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How does mentoring help?

Educationally
Everyday Life
Vocationally
Overall

Mentoring impacts education.

Mentoring has significant positive effects on two early warning indicators that a student may be falling off-track: High levels of absenteeism & Recurring behavior problems.
  • Students who meet regularly with their mentors are 52% less likely than their peers to skip a day of school and 37% less likely to skip a class.
  • Young adults who face an opportunity gap but have a mentor are 55% more likely to be enrolled in college than those who did not have a mentor.
  • In addition to better school attendance and a better chance of going on to higher education, mentored youth maintain better attitudes toward school.

Mentoring impacts everyday life.

By being a consistent adult presence in a young person’s life mentors can offer advice, share life their experiences, and help a young person navigate challenges.
Youth who meet regularly with their mentors are:
  • 46% less likely than their peers to start using illegal drugs and 27% less likely to start drinking. (Public/Private Ventures study of Big Brothers Big Sisters)
  • Young adults who face an opportunity gap but have a mentor are: 81% more likely to participate regularly in sports or extracurricular activities than those who do not.
  • A study showed that the strongest benefit from mentoring, and most consistent across risk groups, was a reduction in depressive symptoms — particularly noteworthy given that almost one in four youth reported worrisome levels of these symptoms at baseline.
  • Mentoring promotes positive social attitudes and relationships. Mentored youth tend to trust their parents more and communicate better with them.

Mentoring impacts future careers and success.

One study estimates that the human potential lost as a result of the educational achievement gap is the economic equivalent of a permanent national recession.

By preparing young people for college and careers, mentoring helps develop the future workplace talent pipeline.
Mentors can also prepare their mentees for professional careers and assist with their workplace skills by:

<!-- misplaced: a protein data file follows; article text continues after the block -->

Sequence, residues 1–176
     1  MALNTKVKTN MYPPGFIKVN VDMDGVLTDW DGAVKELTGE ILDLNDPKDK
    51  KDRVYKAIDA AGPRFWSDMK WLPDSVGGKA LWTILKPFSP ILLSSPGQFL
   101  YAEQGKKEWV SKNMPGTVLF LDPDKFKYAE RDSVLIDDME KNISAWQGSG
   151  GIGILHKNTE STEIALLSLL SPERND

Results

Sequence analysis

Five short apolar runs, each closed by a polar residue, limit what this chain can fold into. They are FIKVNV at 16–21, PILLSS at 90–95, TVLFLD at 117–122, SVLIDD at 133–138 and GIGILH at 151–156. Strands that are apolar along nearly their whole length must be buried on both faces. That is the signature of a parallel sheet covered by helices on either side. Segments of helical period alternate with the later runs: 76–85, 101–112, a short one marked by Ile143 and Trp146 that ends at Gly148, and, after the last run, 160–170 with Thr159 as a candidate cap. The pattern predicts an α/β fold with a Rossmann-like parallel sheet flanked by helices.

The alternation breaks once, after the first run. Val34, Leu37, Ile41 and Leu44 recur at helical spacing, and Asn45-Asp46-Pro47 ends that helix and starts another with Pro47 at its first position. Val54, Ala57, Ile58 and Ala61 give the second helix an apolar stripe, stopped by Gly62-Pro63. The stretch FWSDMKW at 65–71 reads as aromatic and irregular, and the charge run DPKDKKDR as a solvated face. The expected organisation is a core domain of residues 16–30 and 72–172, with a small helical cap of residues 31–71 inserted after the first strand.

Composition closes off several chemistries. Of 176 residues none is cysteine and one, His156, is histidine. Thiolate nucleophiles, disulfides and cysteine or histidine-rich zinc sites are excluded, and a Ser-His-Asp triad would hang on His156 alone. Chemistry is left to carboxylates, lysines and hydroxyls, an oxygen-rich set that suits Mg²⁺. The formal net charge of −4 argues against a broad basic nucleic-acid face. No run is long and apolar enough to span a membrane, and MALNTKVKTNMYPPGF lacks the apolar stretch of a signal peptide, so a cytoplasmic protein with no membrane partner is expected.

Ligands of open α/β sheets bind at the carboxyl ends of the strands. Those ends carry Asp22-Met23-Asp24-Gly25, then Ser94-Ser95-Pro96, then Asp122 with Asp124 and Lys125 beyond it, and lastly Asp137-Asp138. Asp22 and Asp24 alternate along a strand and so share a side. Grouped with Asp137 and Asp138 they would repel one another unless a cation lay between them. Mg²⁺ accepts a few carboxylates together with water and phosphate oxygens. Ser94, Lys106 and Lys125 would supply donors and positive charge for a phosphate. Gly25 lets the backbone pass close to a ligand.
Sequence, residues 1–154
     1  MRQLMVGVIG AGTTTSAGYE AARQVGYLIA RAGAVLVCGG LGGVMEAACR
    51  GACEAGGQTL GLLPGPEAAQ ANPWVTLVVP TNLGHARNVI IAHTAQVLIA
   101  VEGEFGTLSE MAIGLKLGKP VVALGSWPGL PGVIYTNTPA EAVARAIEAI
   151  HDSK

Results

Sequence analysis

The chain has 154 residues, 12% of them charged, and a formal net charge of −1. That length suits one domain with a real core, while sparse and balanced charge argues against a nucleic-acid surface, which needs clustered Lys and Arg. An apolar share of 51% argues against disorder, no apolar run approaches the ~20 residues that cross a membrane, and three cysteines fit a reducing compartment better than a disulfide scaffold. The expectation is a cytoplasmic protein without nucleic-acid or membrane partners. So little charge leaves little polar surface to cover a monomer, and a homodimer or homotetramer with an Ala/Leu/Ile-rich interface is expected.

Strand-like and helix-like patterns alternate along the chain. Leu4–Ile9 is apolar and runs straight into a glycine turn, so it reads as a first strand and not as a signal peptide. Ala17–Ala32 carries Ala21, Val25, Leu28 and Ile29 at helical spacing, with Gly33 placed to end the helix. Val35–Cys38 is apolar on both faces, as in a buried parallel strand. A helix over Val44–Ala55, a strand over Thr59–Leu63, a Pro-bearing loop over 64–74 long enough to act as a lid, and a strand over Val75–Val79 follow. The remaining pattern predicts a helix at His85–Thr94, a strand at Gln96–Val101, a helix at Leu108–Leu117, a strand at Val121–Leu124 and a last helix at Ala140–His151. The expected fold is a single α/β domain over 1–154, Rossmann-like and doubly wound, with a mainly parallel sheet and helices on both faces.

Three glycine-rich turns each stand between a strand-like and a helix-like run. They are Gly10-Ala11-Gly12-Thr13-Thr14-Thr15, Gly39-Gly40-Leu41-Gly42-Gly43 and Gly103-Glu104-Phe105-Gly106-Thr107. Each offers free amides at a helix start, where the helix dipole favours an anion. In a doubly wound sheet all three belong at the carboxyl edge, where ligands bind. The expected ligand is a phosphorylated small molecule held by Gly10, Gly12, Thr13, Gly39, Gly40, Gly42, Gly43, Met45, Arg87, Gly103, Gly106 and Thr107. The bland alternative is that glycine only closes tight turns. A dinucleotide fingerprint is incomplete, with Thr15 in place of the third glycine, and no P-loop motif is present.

• Helping set career goals and taking the steps to realize them.
  • Using personal contacts to help young people network with industry professionals, find internships, and locate possible jobs.
  • Introduce young people to resources and organizations they may not be familiar with.
  • Skills for seeking a job, interviewing for a job, and keeping a job.
The number of ways mentoring can help a young person are as varied as the people involved in each program. < br /> While the lists and statistics can be impressive, personal stories can be even more impressive. Take a look at some mentoring success stories to see the impact of mentoring in real life.

Mentoring impacts the overall life of the individual.

Studies show that:
  • Children with mentors were more confident and had fewer behavioral problems. Girls in the study were four times less likely to become bullies than those without a mentor and boys were two times less likely. In general, young people showed increased belief in their abilities to succeed in school and felt less anxiety related to peer pressure.
  • Nonparent mentors – teachers, clergy, and civic leaders – are highly instrumental in how individuals learn to believe in themselves and tackle challenging goals.
  • Youth from disadvantaged backgrounds are twice as likely to attend college when they have a mentor.
  • Less than half of disadvantaged students have any adult mentor.
  • Young people who had experienced discrimination, family stressors, and abuse are less likely to break the law or engage in substance abuse if they have a positive mentoring relationship.
The Genesis Center
1414 W. Main St. Leesburg, FL 34748
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